# Understanding Incommutativity in Mathematics

Incommutability is a property of some mathematical structures, such as rings and algebras, which states that the order in which elements are combined does not affect the result of the combination. In other words, if we have two elements a and b, and we combine them in two different ways, say a + b and b + a, the results will be the same. This property is also known as "commutativity" or "abelianness".

For example, in the ring of integers, the operation of addition commutes, meaning that the order in which we add numbers does not matter:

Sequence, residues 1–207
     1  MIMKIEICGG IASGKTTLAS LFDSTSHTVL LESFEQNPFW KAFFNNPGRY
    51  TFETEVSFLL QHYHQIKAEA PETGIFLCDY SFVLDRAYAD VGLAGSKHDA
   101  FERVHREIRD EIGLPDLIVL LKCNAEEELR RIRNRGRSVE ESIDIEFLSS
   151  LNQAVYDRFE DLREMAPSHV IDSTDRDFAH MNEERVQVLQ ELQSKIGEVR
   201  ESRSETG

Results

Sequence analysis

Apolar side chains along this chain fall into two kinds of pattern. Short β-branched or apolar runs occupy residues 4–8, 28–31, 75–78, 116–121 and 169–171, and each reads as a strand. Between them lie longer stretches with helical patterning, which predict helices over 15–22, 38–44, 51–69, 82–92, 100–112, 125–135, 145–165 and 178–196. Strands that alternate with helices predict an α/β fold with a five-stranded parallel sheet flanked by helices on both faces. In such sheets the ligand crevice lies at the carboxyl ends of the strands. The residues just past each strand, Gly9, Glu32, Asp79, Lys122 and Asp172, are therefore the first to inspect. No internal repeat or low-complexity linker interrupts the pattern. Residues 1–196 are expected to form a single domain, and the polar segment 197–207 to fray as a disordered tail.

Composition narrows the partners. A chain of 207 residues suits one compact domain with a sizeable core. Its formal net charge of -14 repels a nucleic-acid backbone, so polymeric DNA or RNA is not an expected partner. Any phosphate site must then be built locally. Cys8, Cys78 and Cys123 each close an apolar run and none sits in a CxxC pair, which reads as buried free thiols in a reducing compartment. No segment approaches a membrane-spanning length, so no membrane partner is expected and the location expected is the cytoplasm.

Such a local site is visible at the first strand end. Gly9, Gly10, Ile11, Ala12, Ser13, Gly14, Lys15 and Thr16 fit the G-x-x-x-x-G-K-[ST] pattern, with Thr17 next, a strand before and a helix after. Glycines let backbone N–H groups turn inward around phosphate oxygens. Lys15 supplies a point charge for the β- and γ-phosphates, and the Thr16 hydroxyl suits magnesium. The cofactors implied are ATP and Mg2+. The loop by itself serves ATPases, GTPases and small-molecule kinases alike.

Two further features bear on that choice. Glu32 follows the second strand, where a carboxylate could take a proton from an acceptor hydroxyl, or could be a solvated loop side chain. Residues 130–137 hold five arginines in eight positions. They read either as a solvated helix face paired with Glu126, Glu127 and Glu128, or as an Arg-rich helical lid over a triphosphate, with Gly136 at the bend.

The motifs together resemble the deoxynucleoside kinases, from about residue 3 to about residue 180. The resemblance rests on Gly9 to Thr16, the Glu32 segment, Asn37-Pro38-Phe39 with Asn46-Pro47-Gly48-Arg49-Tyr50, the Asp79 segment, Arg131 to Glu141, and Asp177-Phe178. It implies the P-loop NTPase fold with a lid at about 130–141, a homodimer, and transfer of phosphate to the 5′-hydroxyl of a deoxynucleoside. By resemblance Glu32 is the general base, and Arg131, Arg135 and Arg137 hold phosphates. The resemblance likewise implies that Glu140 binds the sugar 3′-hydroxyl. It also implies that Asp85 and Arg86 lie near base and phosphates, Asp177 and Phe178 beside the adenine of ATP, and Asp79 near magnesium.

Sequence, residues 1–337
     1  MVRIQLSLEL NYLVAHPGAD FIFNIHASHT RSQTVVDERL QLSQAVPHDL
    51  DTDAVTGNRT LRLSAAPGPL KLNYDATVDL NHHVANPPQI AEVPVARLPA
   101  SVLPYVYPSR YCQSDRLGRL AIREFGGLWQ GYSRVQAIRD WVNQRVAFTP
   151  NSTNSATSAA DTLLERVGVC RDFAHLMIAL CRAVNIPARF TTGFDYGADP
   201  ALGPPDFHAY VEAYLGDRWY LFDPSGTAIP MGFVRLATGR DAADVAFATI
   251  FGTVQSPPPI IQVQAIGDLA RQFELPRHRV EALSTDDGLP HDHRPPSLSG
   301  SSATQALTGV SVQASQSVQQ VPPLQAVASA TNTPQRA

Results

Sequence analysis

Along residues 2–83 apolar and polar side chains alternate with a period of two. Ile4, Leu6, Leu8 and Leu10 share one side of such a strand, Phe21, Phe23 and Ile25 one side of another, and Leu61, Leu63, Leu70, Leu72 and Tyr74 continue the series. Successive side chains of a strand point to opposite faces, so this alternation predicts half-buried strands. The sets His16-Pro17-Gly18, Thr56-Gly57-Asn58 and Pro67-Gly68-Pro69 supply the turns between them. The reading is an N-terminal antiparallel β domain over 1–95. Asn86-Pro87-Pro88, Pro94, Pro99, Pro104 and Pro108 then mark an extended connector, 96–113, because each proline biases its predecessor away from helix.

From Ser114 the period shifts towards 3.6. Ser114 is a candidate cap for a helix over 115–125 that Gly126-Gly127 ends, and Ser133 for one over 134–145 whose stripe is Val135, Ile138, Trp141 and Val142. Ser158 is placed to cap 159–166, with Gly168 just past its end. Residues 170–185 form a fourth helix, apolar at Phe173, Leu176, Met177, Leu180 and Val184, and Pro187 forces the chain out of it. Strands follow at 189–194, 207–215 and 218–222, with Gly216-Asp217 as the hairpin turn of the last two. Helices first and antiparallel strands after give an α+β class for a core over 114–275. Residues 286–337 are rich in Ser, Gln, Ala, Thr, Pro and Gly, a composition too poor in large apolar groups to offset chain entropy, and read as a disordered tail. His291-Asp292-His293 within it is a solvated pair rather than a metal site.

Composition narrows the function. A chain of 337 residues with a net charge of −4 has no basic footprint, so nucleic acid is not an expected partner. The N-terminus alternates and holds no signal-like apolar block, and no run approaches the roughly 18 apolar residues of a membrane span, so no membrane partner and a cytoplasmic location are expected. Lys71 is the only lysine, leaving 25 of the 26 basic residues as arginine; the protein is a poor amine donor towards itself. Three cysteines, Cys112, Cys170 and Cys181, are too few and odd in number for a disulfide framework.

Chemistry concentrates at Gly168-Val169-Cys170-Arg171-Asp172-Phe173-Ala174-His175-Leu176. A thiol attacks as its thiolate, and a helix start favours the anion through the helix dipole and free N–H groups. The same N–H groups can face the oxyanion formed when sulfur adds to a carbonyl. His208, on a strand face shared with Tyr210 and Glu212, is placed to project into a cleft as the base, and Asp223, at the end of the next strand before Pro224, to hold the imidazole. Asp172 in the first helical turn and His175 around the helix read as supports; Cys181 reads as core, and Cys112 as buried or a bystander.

3 + 2 = 2 + 3

In contrast, the operation of multiplication does not commute, meaning that the order in which we multiply numbers does affect the result:

3 x 2 = 6, but 2 x 3 = 6

In a commutative ring, both addition and multiplication commute. In an incommutative ring, only one or neither of these operations commutes.